Shortest Path First
The SPF algorithm creates a shortest-path tree for all hosts in an area or in the network backbone, with the router that is performing the calculation at the root of that tree. In order for the SPF algorithm to work correctly, all routers in the area should have the same database information. We cover OSPF in great detail in our Cisco CCNP courses, such as the ENARSI course. In OSPF, this is performed via the database exchange process, which will be described in other blog posts. The SPF calculation is performed in iterations using three sets, as follows:
- Tentative (TENT)
When the SPF algorithm initializes, all nodes, except for the root, which is also referred to as ‘self,’ is placed in the Unknown set or list. The root is the router performing the SPF calculation. As SPF continues to run, nodes in the Unknown set are moved to the Tentative set, beginning with the nodes directly connected to the root. The Tentative set is also commonly referred to simply as the TENT set or list.
As the router goes through the SPF calculation, the node in the TENT set or list that is closest to the root is moved to the PATH or PATHS list or set. This process is repeated until all nodes are in the PATH set and the shortest-path tree is built. Once the tree has been completely built, routes are then derived from the tree. This concept is illustrated by referencing the basic network topology in Figure 1 below:
Fig. 1. Shortest Path First Algorithm
Referencing Figure 1, it is assumed that R1 is the router performing the SPF calculation. The following are the sequence of steps taken by this router:
- R1 places itself in the PATH list with a next-hop of itself and a cost of 0. When R1 places itself in the PATH list, R1 is also referred to as the PATH node, in addition to being the SPF root. All other nodes or routers are temporarily placed in the Unknown set and have their cost presently set to infinity.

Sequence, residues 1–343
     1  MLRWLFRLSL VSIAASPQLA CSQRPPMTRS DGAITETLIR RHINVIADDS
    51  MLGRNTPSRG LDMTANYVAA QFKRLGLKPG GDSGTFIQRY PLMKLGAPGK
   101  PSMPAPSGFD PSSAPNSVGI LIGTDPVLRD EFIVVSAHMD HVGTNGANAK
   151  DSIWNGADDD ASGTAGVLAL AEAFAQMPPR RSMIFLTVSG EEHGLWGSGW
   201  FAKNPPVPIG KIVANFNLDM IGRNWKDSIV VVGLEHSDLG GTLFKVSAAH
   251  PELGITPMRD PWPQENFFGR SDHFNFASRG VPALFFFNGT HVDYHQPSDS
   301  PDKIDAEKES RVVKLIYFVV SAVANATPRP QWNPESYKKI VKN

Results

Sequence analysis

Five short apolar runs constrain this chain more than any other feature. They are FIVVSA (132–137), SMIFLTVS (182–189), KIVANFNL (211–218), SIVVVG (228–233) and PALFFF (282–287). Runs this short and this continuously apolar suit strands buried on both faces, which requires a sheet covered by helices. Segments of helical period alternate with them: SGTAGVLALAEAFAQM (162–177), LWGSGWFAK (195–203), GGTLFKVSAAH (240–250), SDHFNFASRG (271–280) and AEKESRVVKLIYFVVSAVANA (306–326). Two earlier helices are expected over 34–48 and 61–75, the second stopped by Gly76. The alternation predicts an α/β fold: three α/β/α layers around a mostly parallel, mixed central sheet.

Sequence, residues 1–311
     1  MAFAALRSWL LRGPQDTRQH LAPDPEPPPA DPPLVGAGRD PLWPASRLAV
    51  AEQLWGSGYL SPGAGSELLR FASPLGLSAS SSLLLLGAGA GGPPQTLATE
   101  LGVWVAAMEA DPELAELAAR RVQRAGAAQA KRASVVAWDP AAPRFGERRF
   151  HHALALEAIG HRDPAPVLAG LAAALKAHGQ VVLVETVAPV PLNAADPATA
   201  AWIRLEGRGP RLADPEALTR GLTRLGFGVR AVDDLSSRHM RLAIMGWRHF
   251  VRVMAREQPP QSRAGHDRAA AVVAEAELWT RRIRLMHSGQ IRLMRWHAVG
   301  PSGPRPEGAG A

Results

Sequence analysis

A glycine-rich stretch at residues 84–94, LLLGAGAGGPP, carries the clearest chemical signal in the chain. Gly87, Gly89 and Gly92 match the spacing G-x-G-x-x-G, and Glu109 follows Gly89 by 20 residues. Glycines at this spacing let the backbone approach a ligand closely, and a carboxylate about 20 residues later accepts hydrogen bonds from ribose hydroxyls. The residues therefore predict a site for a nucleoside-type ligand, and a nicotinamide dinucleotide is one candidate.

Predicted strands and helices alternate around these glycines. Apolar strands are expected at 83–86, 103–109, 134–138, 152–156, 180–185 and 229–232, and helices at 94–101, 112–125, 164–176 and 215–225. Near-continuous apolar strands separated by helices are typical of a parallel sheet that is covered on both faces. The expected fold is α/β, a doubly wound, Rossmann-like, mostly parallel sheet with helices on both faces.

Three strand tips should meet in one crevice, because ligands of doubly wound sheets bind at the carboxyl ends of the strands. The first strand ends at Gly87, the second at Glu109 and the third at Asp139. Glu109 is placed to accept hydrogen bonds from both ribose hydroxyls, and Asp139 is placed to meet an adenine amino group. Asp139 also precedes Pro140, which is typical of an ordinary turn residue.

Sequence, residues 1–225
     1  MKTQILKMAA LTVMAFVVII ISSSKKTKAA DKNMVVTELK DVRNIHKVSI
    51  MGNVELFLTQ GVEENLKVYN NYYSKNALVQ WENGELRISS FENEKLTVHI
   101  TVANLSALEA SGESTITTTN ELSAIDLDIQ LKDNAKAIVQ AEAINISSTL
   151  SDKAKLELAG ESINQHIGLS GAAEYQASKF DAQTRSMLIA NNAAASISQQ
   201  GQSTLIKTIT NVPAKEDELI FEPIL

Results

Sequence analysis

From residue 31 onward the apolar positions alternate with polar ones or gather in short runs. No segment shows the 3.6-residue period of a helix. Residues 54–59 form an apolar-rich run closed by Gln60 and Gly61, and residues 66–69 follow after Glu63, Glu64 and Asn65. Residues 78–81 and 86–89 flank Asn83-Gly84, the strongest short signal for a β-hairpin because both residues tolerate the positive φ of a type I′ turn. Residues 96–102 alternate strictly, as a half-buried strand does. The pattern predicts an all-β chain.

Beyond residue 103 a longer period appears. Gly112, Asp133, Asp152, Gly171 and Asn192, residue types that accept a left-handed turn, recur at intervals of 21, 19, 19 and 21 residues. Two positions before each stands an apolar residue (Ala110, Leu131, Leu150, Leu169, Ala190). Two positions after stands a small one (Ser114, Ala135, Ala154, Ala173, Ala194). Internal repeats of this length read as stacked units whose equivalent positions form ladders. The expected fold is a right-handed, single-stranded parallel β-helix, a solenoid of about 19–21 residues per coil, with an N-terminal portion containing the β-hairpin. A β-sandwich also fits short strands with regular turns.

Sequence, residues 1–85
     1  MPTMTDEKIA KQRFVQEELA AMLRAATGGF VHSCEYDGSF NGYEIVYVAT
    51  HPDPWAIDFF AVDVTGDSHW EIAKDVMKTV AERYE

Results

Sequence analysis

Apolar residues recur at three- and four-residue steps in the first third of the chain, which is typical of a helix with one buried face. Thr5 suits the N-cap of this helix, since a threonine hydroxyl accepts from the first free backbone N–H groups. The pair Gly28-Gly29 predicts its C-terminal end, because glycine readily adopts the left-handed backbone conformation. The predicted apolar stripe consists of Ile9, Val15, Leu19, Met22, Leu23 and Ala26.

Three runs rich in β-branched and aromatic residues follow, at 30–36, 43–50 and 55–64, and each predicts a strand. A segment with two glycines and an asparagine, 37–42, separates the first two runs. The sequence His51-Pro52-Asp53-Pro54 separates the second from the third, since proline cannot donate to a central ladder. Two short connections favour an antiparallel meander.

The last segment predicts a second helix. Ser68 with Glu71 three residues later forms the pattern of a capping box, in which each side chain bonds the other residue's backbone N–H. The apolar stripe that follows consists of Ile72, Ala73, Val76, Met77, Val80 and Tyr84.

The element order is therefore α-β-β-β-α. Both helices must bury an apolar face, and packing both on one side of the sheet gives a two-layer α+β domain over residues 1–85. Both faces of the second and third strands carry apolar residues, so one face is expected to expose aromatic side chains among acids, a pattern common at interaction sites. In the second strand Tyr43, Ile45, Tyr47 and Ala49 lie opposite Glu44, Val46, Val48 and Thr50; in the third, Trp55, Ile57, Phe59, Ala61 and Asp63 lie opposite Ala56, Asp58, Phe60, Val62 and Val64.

- R1 examines the neighbors of the PATH node (itself), and because its only neighbor is R2, R1 adds R2 to the TENT list. Open Shortest Path First is able to do so by looking at the Link State Advertisement (LSA) packets that are exchanged during the database exchange and the synchronization process.
- R1 calculates the cost to R2 from the PATH node. This is performed by adding the cost to the PATH node and the cost from the PATH node to the TENT node. In this example, the cost from R1 to the PATH node (itself) is 0, and the cost from the PATH node (R1) to the TENT node (R2) is 10. The total path cost to reach R2 from R1 is 0 + 10 = 10.
- Because the cost of 10 is less than the cost of infinity that was initially assigned, the infinity value is overwritten with the cost value of 10. R2 is then moved to the PATH list.
- Once R2 is placed in the PATH list, it becomes the newest PATH node and the second SPF iteration begins on R1. Remember, SPF stops when all nodes are in the PATH set.
- R1 examines the neighbors of the new PATH node (R2), which are R3 and itself. Because R1 is already added to the PATH list (in step 1) it is ignored. R3, however, is moved from the Unknown set to the TENT set.
- R1 calculates the cost to R3 by adding the cost to the PATH node (R2) and the cost from the PATH node (R2) to the TENT node (R3). The cost from R1 to the PATH node (R2) is 10, and the cost from the PATH node to the TENT node (R2) is 10. The total path cost to reach R3 from R1 is 10 + 10 = 20.
- Because the cost of 20 is less than the cost of infinity that was initially assigned, the infinity value is overwritten with the cost value of 20. R3 is then moved to the PATH list.
This process is repeated until there are no more routers in the TENT list on any of the routers participating in OSPF. Figure 2 below shows the SPF tree as it would appear on routers R1 and R2:
Fig. 2. SPF Tree on R1 and R2
Referencing the diagram in Figure 2, notice that the tree is built on the perspective of the root, which is the local router itself. Figure 3 below shows the SPF tree as it would appear on R3 and R4:
Fig. 3. SPF Tree on R3 and R4